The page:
|Old family portrait.|
Sunday, July 23, 2017
My sister Andy and I were remembering our parents, recalling the hard times and the good times, recalling their dedication to education and making sure we went to college. It was May 2011 and I had just returned from Ukraine. A year before, our dear brother Loren had died suddenly of a heart attack while on a hike with the Tallahassee Trails Association. He joined our mom and dad we like to say to this day.
That's when we decided to establish the Frank and Roselynn Curro Arts and Humanities Award at the Harley School, a wonderful private school in Rochester, NY. We wanted to honor our parents, avid supporters of Harley and of the arts and humanities. The award would go to a graduating senior enthralled with the liberal and fine arts and going on to college to pursue their dreams.
Our parents made sure we had a strong foundation in the liberal arts. They were readers and thinkers. Dad, a small businessman, filled our home with music and was a great, and funny, storyteller. Mom was a teacher, artist and opera singer. They inhabited the culture and art of Italy and Europe and we imbibed it as naturally as the air we breathed. Mom loved the Italian and German operas and sang the beautiful arias. She made sure we studied the piano and learned how to read music and to appreciate it fully. I was okay at the piano, but my sister played beautifully and I still hear her playing Clementi, Bach, Chopin. We played duets for family entertainment. We can still hammer those out.
Both parents belonged to a Great Books Club, popular in the 1950s, which made for interesting dinner-table conversations. Imagine discussions about Plato and Aristotle, Dante's Inferno, Cervantes, Tolstoy, and other classics of the western tradition. Once mom went on a rant about Sartre and existentialism. Andy choked on her pork chop. I was entranced. We went round and round until dinner was over. I remember another dinner where we talked about Shakespeare's Romeo and Juliet. Mom, ever the teacher, made it interesting. The best thing about that memory? Mom and Dad actually planned a trip to New York City, where we went to see “West Side Story!” I can never listen to that brilliant score by Leonard Bernstein, with lyrics by Stephen Sondheim and choreography by Jerome Robbins, such masters of their crafts, without remembering my mom and dad. The theater experience of a lifetime, one of my enduring childhood memories.
It's hard to believe that the arts and humanities are under attack today when we need them now more than ever. Trump and the extremist Republicans have zeroed them out in their proposed budgets, along with PBS and other cultural, historical, and environmental programs, including our national parks and historic sites. It will impoverish our spirits, impoverish our shared American culture.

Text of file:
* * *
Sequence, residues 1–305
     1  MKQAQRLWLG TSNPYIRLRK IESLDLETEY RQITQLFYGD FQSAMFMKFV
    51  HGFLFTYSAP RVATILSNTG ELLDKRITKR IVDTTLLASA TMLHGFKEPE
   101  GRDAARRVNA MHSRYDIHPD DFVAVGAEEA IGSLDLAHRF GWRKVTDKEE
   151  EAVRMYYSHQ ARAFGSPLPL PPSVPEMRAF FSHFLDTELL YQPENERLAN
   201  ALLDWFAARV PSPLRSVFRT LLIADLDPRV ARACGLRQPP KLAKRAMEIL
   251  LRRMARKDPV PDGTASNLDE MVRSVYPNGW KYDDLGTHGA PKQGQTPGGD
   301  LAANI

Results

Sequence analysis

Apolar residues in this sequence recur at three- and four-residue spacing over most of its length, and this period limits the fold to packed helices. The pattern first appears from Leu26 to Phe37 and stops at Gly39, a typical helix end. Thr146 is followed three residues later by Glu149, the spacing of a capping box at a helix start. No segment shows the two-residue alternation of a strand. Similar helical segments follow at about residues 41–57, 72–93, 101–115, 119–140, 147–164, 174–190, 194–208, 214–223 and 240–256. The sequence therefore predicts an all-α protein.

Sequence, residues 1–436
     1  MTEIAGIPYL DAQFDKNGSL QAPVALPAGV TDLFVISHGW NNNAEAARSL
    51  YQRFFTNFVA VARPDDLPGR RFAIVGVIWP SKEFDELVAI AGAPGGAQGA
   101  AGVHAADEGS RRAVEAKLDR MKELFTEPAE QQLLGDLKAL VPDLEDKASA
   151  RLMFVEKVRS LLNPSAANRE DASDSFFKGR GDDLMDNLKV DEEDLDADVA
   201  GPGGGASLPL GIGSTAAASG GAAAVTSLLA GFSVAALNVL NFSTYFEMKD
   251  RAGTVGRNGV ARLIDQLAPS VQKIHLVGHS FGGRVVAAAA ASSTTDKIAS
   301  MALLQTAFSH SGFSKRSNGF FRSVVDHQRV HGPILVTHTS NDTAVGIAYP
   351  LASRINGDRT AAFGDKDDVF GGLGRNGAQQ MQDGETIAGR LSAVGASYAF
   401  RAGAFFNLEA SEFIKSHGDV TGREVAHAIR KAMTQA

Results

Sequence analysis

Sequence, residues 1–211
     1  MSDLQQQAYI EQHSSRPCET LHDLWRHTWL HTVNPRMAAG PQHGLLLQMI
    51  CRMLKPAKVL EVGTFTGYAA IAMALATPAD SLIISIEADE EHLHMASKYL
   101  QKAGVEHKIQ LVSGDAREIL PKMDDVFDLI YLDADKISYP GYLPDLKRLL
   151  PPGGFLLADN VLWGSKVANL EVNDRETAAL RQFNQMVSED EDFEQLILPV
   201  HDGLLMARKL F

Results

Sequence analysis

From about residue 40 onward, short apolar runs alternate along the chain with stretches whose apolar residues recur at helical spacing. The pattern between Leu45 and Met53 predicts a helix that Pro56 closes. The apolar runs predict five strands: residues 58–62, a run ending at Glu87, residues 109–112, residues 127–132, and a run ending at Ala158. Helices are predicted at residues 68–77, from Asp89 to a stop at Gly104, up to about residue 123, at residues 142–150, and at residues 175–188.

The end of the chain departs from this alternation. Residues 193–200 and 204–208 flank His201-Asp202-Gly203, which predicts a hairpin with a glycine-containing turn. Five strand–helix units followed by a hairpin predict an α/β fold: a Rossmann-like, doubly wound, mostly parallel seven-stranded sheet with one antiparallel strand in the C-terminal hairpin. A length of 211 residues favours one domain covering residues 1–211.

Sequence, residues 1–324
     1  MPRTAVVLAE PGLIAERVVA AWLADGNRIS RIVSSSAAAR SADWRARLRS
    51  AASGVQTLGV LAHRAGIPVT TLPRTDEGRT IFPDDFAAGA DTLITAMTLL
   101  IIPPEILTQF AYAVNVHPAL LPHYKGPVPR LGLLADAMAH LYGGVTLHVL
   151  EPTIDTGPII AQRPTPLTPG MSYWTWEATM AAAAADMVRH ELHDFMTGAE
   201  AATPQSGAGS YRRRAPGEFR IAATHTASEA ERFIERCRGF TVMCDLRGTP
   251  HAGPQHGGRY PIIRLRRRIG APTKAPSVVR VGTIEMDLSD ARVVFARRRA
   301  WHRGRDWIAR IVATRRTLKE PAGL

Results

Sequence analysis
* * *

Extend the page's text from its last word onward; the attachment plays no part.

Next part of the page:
What we took for granted so many years ago, we now cherish as a special gift. This year's Curro award went to a young scholar and high school leader going on to study the humanities in college. Previous awards have gone to art, language, and liberal arts students. We hope all the recipients of the Curro award will continue to enjoy the arts and humanities throughout their lives, and advocate for them in the public arena. I think this was one of the best lessons we learned from our parents, and at Harley, and it will stay with us forever.
Wednesday, July 12, 2017
|Hard to read but explains how to|
recognize the style of the Berlin Painter.
The Berlin Painter. A master artisan. His personal story may be unknown, but the Greek world he inhabited comes alive through his vase-painting. Through his eyes we see the gods and goddesses, the heroes and mortals of the early 5th century BC, at war, at peace, at work, at play. We see Zeus and Athena, Demeter and Dionysos, Achilles and Hector and Aegina. We see warriors and nymphs and satyrs. We see Herakles (the Greek transliteration of Hercules) at some of his 12 labors, taking me back to reading Latin with Mrs. Bullard at the Harley School. It also inspired me to look for Haley's Classic Myths, a great book that she gave me as a gift. I especially loved the paintings of nature, a bird on a bear, a sprig of flowers, floral motifs and ivy wreaths.
I wondered how the vases could be in such perfect shape. Thankfully a well-curated text explained that while some vases were found in burial places and in tact, most were scattered in a thousand pieces and had to be painstakingly put together. If you look very closely at some of the vases, now 2500 years old, you can see the seams where small fragments were glued together. The results are amazing.
From the Catalogue: "The Berlin Painter and His World is a celebration of ancient Greece and of the ideals of reason, proportion, and human dignity that are its legacy. Focusing on the extraordinary work of a single anonymous master artisan, the exhibition provides a window onto ancient Athenian society at a time of economic growth and cultural flourishing through the art of vase-painting, the largest body of pictorial imagery to have survived from antiquity. Depictions of myths, cult, and daily life on red-figure vases posit questions on love and war, life and death, that still resonate today./ Though the artist’s elegant style has long been appreciated, this is the first exhibition devoted to the Berlin Painter. The exhibition features eighty-four vessels and statuettes of the early fifth century B.C., gathered from museums and private collections around the globe, and examines the elements of this artist’s style that allow the attribution of objects to his hand while affording unique insights into life 2,500 years ago."
|These three graceful, colorful hand-blown vases, in the Berlin Painter-themed Exhibition gift shop, |
were inspired by Greek ceramic vessels and created in TMA's Glass Pavilion by glass artist Alan Iwamura.
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